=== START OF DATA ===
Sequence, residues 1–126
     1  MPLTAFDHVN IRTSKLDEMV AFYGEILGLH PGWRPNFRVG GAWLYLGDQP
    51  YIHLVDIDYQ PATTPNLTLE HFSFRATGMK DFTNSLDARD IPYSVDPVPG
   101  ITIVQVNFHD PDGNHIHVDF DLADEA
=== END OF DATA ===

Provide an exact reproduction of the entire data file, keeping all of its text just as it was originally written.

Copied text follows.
Sequence, residues 1–126
     1  MPLTAFDHVN IRTSKLDEMV AFYGEILGLH PGWRPNFRVG GAWLYLGDQP
    51  YIHLVDIDYQ PATTPNLTLE HFSFRATGMK DFTNSLDARD IPYSVDPVPG
   101  ITIVQVNFHD PDGNHIHVDF DLADEA